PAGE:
On Thursday, California Insurance Commissioner Dave Jones called Anthem’s proposed $48 billion acquisition of Cigna “anti-competitive,” citing that the deal would hurt consumers, businesses, and the state’s health insurance market.
“When it comes to the Anthem and Cigna merger, bigger is not better for California’s consumers or the health insurance market,” the commissioner remarked in a written statement.
According to Jones, if the deal is approved, Anthem’s market share would exceed 50% in 28 counties in California and 40% in another 38 counties. This, he said, would adversely affect consumers “with likely reductions in access, quality of care and affordability of health insurance.”
The Anthem-Cigna deal currently awaits approval from insurance regulators of the 26 states that would be affected by the merger, reported Indianapolis Business Journal
. To date, 12 states have approved the merger, with the Indiana Department of Insurance the latest to have voiced its endorsement on May 26.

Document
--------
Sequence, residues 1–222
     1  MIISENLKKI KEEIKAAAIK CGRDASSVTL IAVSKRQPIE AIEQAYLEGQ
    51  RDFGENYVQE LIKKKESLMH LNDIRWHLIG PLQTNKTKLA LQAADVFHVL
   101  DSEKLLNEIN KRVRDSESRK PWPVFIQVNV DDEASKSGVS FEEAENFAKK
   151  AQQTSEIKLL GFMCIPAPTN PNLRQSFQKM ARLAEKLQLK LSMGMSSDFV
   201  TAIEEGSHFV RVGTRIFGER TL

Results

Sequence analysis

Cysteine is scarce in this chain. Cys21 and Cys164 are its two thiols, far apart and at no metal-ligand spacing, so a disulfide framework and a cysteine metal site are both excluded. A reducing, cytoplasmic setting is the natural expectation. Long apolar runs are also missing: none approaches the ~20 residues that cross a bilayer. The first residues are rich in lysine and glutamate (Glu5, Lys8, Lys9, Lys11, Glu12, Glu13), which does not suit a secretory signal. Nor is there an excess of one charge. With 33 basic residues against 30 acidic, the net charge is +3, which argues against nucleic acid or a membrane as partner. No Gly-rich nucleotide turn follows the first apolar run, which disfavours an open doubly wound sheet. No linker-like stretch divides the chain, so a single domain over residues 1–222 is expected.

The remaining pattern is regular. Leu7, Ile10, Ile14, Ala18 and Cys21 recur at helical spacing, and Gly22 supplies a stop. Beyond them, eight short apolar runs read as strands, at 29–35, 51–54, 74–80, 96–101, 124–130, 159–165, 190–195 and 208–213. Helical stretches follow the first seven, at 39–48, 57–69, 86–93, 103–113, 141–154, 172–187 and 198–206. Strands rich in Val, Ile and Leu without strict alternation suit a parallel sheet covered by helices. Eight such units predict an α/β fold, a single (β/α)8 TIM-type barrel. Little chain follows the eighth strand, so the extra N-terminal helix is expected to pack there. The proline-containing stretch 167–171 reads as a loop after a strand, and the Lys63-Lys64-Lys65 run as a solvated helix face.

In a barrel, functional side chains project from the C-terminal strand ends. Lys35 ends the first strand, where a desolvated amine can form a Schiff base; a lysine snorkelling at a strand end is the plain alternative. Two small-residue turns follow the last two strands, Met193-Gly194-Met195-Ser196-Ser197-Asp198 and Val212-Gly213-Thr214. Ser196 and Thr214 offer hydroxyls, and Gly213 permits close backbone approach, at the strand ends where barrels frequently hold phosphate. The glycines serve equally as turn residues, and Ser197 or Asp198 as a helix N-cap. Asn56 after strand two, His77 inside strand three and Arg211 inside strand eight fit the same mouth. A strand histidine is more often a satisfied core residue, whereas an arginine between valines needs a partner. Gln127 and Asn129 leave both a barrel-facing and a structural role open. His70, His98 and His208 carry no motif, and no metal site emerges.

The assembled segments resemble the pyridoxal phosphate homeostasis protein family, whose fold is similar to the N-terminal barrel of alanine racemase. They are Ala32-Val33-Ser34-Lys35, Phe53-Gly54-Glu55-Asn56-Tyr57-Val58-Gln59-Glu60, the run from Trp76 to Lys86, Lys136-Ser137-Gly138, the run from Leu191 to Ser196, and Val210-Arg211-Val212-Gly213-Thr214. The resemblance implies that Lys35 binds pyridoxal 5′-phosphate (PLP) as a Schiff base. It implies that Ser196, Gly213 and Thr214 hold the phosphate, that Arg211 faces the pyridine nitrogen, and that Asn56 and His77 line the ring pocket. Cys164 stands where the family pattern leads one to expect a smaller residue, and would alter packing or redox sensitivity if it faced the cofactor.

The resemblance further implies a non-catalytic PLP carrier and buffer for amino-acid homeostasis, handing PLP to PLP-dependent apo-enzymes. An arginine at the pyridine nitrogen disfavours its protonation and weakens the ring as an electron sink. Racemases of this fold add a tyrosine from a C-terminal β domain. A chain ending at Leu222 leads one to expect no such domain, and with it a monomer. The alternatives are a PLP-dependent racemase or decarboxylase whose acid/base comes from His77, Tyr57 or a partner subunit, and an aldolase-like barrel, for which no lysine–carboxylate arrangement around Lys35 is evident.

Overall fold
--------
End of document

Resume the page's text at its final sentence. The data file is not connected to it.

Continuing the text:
The Department of Justice has yet to disclose when it would rule on the deal.
While the state of California held a public hearing March 29—where members of the public, executives of Anthem and Cigna, consumer advocates, medical professionals, and merger experts were free to share their thoughts on the acquisition—Jones felt that Anthem did not provide adequate evidence for its claim that the deal would result in $2 billion in efficiencies. He also noted that the company did not give any guarantee that any savings as a result of the merger would benefit consumers with lower prices.
“Anthem provided only vague, speculative and impossible-to-verify assertions,” he said.
Anthem issued a statement Thursday in response, saying that it has been working closely with federal and state regulators for 10 months.
“We do not believe that the California Department of Insurance’s opinion is based on the true merits of this transaction,” the company said. “We are confident that the highly complementary nature and limited overlap of our organizations that will benefit the complex and competitive health insurance markets will be reviewed on the facts by the DOJ and appropriate state authorities.”
Increased opposition plagues pending health insurance mega-mergers
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